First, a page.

I’m a tall, leaky man.
If it’s more than 65 degrees outside when I test running socks, workout headphones, or electric bikes, I emit what can only be described as a staggering amount of liquid.
Whether its my Nordic heritage or the fact that I was raised in Portland, Oregon—a town with hardly a drop of humidity—I’m essentially a feeble human snow cone. Put me in the sun for more than five minutes, and I’ll melt into a puddle.
For years, I’ve taken the Forrest Gump approach to summer workouts: Hats or headbands required. It's not even worth leaving home without one. Without a stretchy cotton halo, I can barely jog a mile from my house before sweat sears my eyes.
And both types of headwear have their issues. Hats are great for the sun, but they don’t absorb much sweat. Workout headbands are much more moisture-wicking, but they stretch the more you use them. A cotton band that feels like it will squeeze your brain out on the first run of the month feels like the neck of an old T-shirt by the time rent comes due. It’s annoying to replace your headwear more often than your running socks.
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Enter the Treadband
I recently found out about a sweatband company called Treadbands, a brand that claims to have solved my sweatband frustrations using a thin blend of polyester and spandex that you tie behind your head like a bandana. I've always been intrigued by flatter headbands geared toward longer hair, but the best ones I've found have only been in women's sizes.
Spandex and polyester blended headbands aren't exactly cutting-edge territory, but Treadbands has perfected the craft. The bands are stitched together well, and the stretchy material is super easy to tie. They're also as gender agnostic as I wish all workout companies were.
Treadbands cost $16 – $18 and come in two major sizes: a 2.5-inch wide version called "All-Terrain" and a 1.5-inch version called the "Low-Profile". Both work excellently.
The thing that really sets Treadbands apart is a tiny rubberized strip in the front of each headband. The strip holds the headbands in place with shocking ease, and it also tends to keep sweat from dripping down the front of your head. The pressure of the rubber against your skin pushes liquids towards the knots in the back. It's a simple mechanism that works amazingly well. I've even noticed when they get supersaturated with sweat, it will actually drip off of the ties in back before sweat drips down my face.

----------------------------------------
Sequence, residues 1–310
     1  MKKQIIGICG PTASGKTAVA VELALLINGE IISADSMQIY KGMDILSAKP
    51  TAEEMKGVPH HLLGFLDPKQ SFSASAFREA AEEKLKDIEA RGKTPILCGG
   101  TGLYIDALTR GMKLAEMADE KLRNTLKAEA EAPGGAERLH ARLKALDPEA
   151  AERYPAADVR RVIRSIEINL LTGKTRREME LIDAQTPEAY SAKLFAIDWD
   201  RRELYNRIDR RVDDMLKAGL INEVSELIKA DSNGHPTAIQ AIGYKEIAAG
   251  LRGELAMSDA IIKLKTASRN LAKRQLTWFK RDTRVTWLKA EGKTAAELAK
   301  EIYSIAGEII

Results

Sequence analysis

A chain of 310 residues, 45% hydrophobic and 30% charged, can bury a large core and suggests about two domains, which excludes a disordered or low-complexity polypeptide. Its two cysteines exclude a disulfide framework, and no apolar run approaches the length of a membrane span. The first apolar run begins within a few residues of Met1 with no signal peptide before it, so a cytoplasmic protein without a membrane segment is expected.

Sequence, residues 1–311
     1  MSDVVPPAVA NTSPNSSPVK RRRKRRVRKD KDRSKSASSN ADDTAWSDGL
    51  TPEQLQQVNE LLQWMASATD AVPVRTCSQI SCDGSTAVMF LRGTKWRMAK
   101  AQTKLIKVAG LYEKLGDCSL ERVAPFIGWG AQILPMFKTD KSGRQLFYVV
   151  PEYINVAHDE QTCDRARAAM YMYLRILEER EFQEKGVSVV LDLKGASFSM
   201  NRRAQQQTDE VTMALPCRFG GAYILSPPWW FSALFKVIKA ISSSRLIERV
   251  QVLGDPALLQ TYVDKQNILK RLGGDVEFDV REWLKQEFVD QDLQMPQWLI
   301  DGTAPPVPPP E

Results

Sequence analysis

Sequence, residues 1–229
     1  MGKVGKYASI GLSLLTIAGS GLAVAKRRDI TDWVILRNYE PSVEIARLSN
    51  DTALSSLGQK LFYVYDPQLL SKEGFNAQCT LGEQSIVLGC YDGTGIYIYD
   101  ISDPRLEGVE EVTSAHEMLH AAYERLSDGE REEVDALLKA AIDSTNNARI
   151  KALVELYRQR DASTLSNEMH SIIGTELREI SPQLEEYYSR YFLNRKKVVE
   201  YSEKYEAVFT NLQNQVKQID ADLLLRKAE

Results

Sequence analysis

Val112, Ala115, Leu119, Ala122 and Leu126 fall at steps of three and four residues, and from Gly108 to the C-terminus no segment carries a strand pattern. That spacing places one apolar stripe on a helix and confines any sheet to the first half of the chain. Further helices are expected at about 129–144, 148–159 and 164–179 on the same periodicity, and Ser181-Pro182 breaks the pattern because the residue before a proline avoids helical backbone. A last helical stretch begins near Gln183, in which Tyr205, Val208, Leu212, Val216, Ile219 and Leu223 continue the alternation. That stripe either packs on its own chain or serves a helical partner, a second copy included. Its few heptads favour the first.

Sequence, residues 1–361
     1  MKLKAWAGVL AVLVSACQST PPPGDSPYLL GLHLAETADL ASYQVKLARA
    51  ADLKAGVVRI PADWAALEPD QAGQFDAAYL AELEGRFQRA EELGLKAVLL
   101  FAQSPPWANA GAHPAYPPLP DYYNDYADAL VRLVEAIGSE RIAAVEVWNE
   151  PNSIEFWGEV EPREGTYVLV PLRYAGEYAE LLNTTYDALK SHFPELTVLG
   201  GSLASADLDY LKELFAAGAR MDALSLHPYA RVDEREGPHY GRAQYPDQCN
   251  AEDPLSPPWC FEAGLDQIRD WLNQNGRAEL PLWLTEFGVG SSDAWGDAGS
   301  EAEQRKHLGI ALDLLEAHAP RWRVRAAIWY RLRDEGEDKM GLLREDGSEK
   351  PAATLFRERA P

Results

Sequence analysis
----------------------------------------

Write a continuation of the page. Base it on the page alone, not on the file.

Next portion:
When I recently discovered the company calls devotees "TreadHeads," it seemed about right. After a few weeks of runs, I've become as obsessed as my friend who rambles about "that" live recording of the Grateful Dead's 1968 show at the Carousel Ballroom. I don't leave home without one.
Tie Back or Bust
Treadbands are not necessarily the prettiest things ever—I look a bit like the David Foster Wallace of fitness—but they get the job done better than anything I’ve ever used before. I especially like the thicker All-Terrain size when running with earbuds, because it helps hold them in place better than earfins alone. That extra width also buys a bit more absorbance, so it's been my go-to on longer runs.
The company also makes non-tying versions, and sent me one to try, but I just didn't like it as much as the two tie-behind bands. I like pretending I'm a warrior tying my headscarf before battle to pysch myself up for exercise—and besides, tying them myself guarantees a perfect fit.
Speaking of knots, I've just been double looping them. The stretchy spandex material is super easy to untie even when soaking wet, aided in part by the taper at each end of the band.
I haven't been using Treadbands for too long yet, but I feel fairly confident in their durability. I've been using the same two bands nearly daily for weeks, and they're holding up. In fact, they dry fast enough that you can even get two runs or rides in a day with the same band—a feat I've been hardpressed to achieve with hats or traditional sweatbands.
If you care about how you look when working out, you can even match them to your outfits. They come in a wide assortment of colors, heathered colors, and patterned designs. I’ve been running with a tie-dye one, but I’m eyeing one of these taco-print versions to go with my favorite running socks.
Call me a Treadhead, I guess? These are the best bands I've found.